When I wrote my book, The Art of Practicing, I was careful to barely mention mindfulness or meditation, even though they were the basis of every chapter. It was the 1990s, and I didn’t want my readers to think I was some kind of hippie or weirdo and to not take the book seriously. Mindfulness was not in vogue back then.

Now, everyone wants to know something about it. What is it? And what can it really do for you?

Why are 20 million Americans practicing mindfulness now?

Musicians have actually been slower than a lot of other people to get interested in mindfulness. Maybe because the word “mindfulness” connotes being careful, and as artists we want to be free to express ourselves spontaneously.

In fact, my meditation teacher, Chogyam Trungpa, said that for an artist, “mindfulness” can be a problematic word, and that “awareness” makes more sense. So he typically hyphenated it as “mindfulness-awareness.”

But whatever we call it, what is the point of mindfulness?

Can it actually help us with practicing and performing?


Mindfulness is really about letting your mind relax. Usually, our mind is crowded with stuff we don’t need. If it’s busy obsessing about “getting it right” when we’re practicing, for instance, we might start pushing our body too hard, which can cause excess tension that actually gets in the way of expressing ourselves or mastering a passage.

Mindfulness allows us to notice our tendency to push ourselves, worry about results, and become tense, so that we can make a healthier choice.

It trains us let go of struggle and just trust ourselves.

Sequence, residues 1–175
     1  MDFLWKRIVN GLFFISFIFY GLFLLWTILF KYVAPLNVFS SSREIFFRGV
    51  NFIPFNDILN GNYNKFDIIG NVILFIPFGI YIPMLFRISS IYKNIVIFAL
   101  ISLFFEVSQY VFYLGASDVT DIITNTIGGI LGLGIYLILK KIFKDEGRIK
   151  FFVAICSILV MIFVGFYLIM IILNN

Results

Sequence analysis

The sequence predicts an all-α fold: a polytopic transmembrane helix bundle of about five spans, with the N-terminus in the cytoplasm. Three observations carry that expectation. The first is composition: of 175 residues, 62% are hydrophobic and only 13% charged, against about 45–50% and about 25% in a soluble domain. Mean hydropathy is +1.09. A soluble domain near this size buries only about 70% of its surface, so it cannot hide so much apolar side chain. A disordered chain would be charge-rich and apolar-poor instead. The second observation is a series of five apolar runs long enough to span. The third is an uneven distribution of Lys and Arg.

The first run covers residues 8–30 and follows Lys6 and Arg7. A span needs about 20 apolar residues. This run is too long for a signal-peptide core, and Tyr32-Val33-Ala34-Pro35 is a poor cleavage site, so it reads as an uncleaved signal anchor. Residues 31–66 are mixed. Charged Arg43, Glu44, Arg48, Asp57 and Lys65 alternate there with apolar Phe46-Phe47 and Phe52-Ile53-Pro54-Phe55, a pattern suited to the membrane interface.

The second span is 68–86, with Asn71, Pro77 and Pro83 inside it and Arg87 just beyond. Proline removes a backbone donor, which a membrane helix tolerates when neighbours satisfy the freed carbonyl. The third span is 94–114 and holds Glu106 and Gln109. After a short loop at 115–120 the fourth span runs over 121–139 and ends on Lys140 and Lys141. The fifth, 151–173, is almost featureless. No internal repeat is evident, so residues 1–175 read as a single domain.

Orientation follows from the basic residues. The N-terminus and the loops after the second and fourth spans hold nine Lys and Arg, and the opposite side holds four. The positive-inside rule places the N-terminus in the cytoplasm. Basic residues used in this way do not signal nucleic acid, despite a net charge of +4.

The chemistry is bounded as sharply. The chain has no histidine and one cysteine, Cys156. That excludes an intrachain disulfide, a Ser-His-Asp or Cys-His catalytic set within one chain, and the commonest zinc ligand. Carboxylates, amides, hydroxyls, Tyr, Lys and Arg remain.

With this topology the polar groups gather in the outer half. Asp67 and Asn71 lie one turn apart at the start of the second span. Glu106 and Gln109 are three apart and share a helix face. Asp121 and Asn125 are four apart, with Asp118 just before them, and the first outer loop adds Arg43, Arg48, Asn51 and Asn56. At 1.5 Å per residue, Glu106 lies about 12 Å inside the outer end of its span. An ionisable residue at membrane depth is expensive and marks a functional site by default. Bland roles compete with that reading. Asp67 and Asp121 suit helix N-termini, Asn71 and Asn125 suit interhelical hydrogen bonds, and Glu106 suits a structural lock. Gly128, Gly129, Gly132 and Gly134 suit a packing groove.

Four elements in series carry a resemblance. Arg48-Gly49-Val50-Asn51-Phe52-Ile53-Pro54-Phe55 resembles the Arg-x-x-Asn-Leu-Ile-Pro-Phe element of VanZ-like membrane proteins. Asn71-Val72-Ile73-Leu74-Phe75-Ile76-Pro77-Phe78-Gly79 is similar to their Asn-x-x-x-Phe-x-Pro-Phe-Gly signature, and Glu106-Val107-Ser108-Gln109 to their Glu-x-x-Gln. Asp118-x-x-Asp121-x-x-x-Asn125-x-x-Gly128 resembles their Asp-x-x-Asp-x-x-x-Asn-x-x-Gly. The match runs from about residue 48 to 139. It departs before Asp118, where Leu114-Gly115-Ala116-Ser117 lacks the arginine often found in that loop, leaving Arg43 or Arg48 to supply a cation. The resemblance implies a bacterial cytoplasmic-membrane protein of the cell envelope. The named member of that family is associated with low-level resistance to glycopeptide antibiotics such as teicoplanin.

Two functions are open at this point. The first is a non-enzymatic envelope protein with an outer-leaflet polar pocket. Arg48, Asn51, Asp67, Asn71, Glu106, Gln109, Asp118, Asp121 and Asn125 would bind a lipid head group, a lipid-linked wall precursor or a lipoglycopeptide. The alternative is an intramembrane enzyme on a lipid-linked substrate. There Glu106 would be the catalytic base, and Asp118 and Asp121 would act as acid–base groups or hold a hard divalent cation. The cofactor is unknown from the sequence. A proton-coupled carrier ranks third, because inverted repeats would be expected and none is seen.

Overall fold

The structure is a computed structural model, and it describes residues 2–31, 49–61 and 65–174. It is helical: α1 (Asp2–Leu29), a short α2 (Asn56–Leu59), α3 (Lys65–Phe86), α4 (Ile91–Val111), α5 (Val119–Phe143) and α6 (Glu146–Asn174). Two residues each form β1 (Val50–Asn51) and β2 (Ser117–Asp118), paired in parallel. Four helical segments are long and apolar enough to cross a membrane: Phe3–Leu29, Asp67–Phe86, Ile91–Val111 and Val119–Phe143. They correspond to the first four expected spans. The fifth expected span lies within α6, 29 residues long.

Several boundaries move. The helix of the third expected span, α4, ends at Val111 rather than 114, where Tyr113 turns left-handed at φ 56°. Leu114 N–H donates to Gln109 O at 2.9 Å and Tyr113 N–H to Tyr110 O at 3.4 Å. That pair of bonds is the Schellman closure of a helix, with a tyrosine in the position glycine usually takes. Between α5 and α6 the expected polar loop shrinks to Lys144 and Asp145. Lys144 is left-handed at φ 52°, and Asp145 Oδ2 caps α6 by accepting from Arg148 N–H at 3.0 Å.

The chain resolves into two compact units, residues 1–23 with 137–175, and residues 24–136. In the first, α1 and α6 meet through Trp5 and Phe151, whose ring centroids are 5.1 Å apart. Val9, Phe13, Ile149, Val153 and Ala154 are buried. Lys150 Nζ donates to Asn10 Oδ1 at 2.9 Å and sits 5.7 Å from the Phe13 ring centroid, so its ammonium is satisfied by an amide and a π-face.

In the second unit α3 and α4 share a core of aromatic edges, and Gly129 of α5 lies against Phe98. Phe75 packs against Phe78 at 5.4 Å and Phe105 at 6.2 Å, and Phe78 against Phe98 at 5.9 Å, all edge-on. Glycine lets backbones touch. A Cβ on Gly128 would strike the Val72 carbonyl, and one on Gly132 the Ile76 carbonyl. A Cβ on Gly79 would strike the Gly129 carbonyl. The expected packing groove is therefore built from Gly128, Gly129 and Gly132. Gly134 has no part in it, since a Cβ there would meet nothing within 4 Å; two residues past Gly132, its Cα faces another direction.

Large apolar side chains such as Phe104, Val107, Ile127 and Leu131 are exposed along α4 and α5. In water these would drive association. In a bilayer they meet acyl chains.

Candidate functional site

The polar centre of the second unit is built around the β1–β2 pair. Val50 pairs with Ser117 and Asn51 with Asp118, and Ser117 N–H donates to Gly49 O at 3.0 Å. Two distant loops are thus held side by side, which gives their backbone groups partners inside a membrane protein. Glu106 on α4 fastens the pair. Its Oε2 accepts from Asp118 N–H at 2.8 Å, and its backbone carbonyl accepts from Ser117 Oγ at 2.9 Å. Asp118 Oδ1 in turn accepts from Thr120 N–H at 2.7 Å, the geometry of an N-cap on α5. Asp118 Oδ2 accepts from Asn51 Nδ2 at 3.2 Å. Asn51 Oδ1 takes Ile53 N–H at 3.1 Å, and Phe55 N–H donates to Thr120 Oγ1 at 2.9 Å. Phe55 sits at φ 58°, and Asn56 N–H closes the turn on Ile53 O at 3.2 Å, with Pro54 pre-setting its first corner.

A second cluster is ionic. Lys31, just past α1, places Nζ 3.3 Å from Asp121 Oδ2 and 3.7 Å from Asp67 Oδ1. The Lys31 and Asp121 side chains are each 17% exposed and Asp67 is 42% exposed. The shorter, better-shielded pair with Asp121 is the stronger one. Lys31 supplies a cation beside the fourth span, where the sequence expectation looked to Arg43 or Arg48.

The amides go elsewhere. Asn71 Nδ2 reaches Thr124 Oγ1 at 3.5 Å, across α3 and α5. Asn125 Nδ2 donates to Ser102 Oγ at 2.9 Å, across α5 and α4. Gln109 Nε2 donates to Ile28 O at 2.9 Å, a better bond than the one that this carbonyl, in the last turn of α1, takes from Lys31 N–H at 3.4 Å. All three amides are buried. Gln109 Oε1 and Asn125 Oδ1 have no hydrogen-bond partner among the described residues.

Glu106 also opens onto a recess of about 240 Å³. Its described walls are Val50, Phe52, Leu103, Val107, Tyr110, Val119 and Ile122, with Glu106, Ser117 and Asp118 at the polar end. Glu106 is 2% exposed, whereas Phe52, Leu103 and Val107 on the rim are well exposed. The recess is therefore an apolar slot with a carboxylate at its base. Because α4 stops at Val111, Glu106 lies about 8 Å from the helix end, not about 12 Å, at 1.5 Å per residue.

Because actually when we’re doing a mindfulness practice, we’re simply connecting with our natural abilities – the natural openness and clarity of our mind, the natural ease that’s possible in how we move and how we connect to music.

You can start a practice session by first noticing how your body feels, just as it is. Then continue noticing how it feels as you practice. This way, you can more quickly notice when tension or stress arises and let it dissolve before you continue.

Here’s a quick step-by-step way to let your mind and body relax before practicing:

  1. Sit comfortably upright, close your eyes and notice how your body feels, from the feet up.
  2. Open your eyes and notice your breathing. Let the exhale go all the way out before the inhale naturally happens.
  3. When your mind wanders from your breathing, gently bring it back.
  4. Continue for a couple of minutes.

Do you feel more relaxed and clear headed after doing this? Imagine what that can do for your practicing!

Two amazing things happen from this relaxation: Your heart and your perceptions can open more. That means you can start enjoying sounds and sensations more than before. You get out of your head and into your body.

And then, there are all sorts of ways to apply mindfulness directly to your actual practicing – so you can connect even more powerfully with sounds and sensations from one moment to the next. .

So when the time comes to play for people, you’ll have more music and joy to offer them.

If you’re a pianist, I invite you to find out how to apply mindfulness to both your practicing and your performing at the Transformative Piano Master Class Series, beginning June 21. Find out how the right guidance and support can change everything by bringing out the natural coordination and musicality within you.

Have questions? Feel free to ask them!